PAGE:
How might one imagine this to be? The shapes of glass art are defined by the artist’s imagination and cannot be called ‘amorphic’ within the limits of what and how we humans can know. With the aid of some slight feints of semantic prestidigitation, one could consider genes and memes as extremes within a continuum that melds the organic and inorganic worlds, i.e., carbonates n silicates. If genes are the clues followed in unraveling The Ancestors’ Tale and memes cultural evolution, reason demands that memes must in some way be related to genes by more than analogy, i.e., as agents that contribute not only to cultural survival but also the survival of the human species. (See writings by Ellen Dissanayake in this regard.) Adding the idea of the ‘selfish aesthetic meme’, to paraphrase Dawkins’ The Selfish Gene (1989) having to ‘compete’ with other memes, what makes Chihuly’s art interesting in this light is that he has to compete with the memes of science and the official art world to assert the visibility of his ideas and insure that his art inorganism survived. In several ways, then, it is interesting to consider Chihuly’s art as subverting any distinction between organic and inorganic domains. This elision extends to the distinction between ‘craft’, that idea use to derogate the art of the marginalized in order to assert the superiority of those at the center of power, and ‘art’. The glass that is use for utilitarian objects is the glass that is used for ‘non-utilitarian’ art. And, as Black Octopus and Crabs Resting on Gilt Vessel reveals, the simulated, art-ificial naturalism of the crab and the octopus and the artificial vessel coexist with out our minds finding any contradiction in their juxtaposition.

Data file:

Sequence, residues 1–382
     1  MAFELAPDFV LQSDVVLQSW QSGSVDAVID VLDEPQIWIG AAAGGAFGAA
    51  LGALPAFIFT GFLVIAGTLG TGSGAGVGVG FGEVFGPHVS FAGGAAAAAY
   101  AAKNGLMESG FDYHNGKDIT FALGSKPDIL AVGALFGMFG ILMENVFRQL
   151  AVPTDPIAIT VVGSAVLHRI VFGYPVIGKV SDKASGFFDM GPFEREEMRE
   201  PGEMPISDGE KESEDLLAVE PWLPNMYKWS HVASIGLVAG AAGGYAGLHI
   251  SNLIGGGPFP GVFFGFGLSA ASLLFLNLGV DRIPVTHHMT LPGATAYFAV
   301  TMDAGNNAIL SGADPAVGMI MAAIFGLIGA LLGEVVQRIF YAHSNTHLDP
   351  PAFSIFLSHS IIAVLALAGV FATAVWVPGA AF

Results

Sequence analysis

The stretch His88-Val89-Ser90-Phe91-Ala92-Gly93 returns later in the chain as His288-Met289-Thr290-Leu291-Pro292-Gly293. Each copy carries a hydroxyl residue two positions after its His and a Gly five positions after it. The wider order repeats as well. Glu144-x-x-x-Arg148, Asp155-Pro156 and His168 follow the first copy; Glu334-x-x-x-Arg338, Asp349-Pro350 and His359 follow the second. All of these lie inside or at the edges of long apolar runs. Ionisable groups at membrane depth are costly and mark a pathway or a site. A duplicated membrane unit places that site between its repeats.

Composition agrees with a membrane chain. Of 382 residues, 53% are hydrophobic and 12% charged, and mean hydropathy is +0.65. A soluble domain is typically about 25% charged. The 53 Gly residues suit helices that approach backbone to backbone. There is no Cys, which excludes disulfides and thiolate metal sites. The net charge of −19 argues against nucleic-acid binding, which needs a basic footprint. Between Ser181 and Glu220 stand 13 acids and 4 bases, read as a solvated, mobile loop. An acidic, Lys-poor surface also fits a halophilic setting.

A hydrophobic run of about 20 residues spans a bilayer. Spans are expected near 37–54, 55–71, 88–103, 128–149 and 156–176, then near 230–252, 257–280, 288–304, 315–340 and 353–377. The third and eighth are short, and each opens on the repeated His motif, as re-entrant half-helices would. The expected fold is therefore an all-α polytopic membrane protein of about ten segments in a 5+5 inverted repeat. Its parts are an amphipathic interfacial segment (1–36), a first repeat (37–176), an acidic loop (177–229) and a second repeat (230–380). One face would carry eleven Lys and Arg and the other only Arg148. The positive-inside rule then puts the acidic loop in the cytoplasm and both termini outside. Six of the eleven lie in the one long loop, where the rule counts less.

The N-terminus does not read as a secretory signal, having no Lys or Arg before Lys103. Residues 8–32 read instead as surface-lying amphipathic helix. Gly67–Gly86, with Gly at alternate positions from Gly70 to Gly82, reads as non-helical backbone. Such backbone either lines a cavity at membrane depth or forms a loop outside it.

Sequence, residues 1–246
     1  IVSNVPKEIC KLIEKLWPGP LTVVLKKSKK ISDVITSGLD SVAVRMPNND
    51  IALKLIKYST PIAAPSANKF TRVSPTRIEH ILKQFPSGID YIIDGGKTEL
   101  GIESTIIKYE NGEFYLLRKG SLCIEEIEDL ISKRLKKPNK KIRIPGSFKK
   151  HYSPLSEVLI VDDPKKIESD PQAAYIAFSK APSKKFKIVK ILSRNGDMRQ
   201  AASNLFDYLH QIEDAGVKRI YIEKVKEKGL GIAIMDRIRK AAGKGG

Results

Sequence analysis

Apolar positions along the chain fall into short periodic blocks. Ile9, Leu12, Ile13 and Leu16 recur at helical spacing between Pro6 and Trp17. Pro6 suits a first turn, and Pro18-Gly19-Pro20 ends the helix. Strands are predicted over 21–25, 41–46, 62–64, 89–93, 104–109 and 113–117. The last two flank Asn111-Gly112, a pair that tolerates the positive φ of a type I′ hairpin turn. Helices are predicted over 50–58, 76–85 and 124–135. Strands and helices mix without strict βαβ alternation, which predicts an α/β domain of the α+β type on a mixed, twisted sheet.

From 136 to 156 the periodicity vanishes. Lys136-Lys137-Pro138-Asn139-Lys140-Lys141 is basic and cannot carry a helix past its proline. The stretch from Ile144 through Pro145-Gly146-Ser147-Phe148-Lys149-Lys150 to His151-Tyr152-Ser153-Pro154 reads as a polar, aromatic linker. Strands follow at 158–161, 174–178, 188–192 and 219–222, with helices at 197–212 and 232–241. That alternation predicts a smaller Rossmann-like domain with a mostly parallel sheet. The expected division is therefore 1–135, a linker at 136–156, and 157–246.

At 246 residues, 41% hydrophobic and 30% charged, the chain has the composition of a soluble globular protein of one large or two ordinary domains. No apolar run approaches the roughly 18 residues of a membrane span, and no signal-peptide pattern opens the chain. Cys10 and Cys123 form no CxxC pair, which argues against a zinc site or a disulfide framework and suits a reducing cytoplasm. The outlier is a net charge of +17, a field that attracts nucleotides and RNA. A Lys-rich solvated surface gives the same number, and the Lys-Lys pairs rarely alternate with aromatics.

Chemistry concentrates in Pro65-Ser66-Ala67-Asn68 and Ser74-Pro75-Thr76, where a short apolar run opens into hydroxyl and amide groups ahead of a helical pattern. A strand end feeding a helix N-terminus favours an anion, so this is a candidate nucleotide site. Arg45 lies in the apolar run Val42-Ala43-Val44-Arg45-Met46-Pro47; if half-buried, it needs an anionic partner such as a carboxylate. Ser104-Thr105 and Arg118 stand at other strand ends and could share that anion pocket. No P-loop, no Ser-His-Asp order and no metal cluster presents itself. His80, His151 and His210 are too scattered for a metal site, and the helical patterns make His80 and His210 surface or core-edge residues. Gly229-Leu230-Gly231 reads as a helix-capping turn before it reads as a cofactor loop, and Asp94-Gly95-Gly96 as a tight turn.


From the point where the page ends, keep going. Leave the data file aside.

Standing over eight feet high, the title of the unique Red Flame Icicle Tower evokes images of flickering flames and frozen icicles, ephemeral fire and solid ice. This large work displayed within the confines of an interior space captivates our attention like fire in the night, drawing us forward as its image burns itself slowly into our consciousness and requiring an almost physical effort to break away. The intense red color and the flame-like-upward-thrusting shapes clustered around the central core seduce one’s mind into ignoring any contradiction between flames and icicles, warm and cold, reaching upwards and hanging downwards. Our minds have reached a point where the laws of the physical world are as if they are no longer true. Imagination offers another dimension where different ‘laws’ apply, a dimension where the ‘laws’ of art define the nature of the reality in that dimension. But this difference exists only in relation to that from which it is different as Through the Looking Glass is related to Alice in Wonderland without specifically referencing to events in the earlier book. If one can so imagine, it is as if Chihuly combined the two stories into one with all the logical contradictions of both in relation to the world and each other.
These large works are no more or less interesting then the smaller soft cylinders, black baskets, and cylinders that make up the rest of the show. The calligraphic lines of the drawn designs on their sides that the artist has worked out in mixed media on paper, strong independent works in their own right, complement the voluptuous, fluid forms of soft cylinders and baskets. Undulating surfaces and serpentine edges celebrate the artist’s ability to capture the fluid quality of molten glass in fixed form. Glistening surfaces belie the fragility of the glass. The forms of these works, too, have the malleability of living organisms. This evidence this is Chihuly’s art is the evidence that suggests that glass is the perfect medium for making art.